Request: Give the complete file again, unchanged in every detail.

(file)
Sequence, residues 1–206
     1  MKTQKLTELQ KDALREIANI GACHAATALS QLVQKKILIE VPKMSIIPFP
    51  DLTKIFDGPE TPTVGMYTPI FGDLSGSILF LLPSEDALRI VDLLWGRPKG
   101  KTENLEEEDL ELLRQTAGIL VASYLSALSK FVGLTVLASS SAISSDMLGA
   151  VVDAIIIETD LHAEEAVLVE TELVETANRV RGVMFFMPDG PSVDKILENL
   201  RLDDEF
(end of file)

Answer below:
Sequence, residues 1–206
     1  MKTQKLTELQ KDALREIANI GACHAATALS QLVQKKILIE VPKMSIIPFP
    51  DLTKIFDGPE TPTVGMYTPI FGDLSGSILF LLPSEDALRI VDLLWGRPKG
   101  KTENLEEEDL ELLRQTAGIL VASYLSALSK FVGLTVLASS SAISSDMLGA
   151  VVDAIIIETD LHAEEAVLVE TELVETANRV RGVMFFMPDG PSVDKILENL
   201  RLDDEF